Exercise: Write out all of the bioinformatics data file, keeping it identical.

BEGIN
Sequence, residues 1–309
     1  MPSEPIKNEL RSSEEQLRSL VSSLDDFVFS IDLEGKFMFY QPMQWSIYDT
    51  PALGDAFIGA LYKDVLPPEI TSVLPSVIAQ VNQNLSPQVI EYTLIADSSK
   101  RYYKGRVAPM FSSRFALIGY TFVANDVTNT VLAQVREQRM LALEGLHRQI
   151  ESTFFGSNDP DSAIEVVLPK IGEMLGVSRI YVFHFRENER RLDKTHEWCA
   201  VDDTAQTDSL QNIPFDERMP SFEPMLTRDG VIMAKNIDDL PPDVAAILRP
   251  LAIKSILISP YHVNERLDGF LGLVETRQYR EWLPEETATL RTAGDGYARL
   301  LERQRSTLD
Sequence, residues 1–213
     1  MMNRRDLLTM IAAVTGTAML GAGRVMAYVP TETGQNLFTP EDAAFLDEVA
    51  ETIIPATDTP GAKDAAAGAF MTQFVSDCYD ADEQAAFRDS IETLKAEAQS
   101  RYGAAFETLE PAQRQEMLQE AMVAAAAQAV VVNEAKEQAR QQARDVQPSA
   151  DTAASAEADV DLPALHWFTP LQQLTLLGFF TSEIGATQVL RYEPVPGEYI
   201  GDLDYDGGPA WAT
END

Sequence, residues 1–309
     1  MPSEPIKNEL RSSEEQLRSL VSSLDDFVFS IDLEGKFMFY QPMQWSIYDT
    51  PALGDAFIGA LYKDVLPPEI TSVLPSVIAQ VNQNLSPQVI EYTLIADSSK
   101  RYYKGRVAPM FSSRFALIGY TFVANDVTNT VLAQVREQRM LALEGLHRQI
   151  ESTFFGSNDP DSAIEVVLPK IGEMLGVSRI YVFHFRENER RLDKTHEWCA
   201  VDDTAQTDSL QNIPFDERMP SFEPMLTRDG VIMAKNIDDL PPDVAAILRP
   251  LAIKSILISP YHVNERLDGF LGLVETRQYR EWLPEETATL RTAGDGYARL
   301  LERQRSTLD
Sequence, residues 1–213
     1  MMNRRDLLTM IAAVTGTAML GAGRVMAYVP TETGQNLFTP EDAAFLDEVA
    51  ETIIPATDTP GAKDAAAGAF MTQFVSDCYD ADEQAAFRDS IETLKAEAQS
   101  RYGAAFETLE PAQRQEMLQE AMVAAAAQAV VVNEAKEQAR QQARDVQPSA
   151  DTAASAEADV DLPALHWFTP LQQLTLLGFF TSEIGATQVL RYEPVPGEYI
   201  GDLDYDGGPA WAT